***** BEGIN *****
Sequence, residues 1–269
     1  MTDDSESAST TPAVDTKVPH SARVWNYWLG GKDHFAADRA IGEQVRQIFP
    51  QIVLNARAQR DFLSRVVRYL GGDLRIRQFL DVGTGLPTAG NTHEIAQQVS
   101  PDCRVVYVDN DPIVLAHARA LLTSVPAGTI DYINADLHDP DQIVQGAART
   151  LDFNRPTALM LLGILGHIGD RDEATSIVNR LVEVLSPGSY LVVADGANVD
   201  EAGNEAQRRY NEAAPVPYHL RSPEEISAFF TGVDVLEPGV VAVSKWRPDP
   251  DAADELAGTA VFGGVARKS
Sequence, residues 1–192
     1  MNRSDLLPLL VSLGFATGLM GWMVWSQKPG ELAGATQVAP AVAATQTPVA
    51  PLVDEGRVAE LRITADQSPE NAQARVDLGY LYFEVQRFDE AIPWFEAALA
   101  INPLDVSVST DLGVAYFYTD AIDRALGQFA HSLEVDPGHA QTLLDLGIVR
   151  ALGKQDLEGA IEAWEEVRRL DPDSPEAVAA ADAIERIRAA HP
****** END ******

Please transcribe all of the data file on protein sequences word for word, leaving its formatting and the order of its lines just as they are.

Sequence, residues 1–269
     1  MTDDSESAST TPAVDTKVPH SARVWNYWLG GKDHFAADRA IGEQVRQIFP
    51  QIVLNARAQR DFLSRVVRYL GGDLRIRQFL DVGTGLPTAG NTHEIAQQVS
   101  PDCRVVYVDN DPIVLAHARA LLTSVPAGTI DYINADLHDP DQIVQGAART
   151  LDFNRPTALM LLGILGHIGD RDEATSIVNR LVEVLSPGSY LVVADGANVD
   201  EAGNEAQRRY NEAAPVPYHL RSPEEISAFF TGVDVLEPGV VAVSKWRPDP
   251  DAADELAGTA VFGGVARKS
Sequence, residues 1–192
     1  MNRSDLLPLL VSLGFATGLM GWMVWSQKPG ELAGATQVAP AVAATQTPVA
    51  PLVDEGRVAE LRITADQSPE NAQARVDLGY LYFEVQRFDE AIPWFEAALA
   101  INPLDVSVST DLGVAYFYTD AIDRALGQFA HSLEVDPGHA QTLLDLGIVR
   151  ALGKQDLEGA IEAWEEVRRL DPDSPEAVAA ADAIERIRAA HP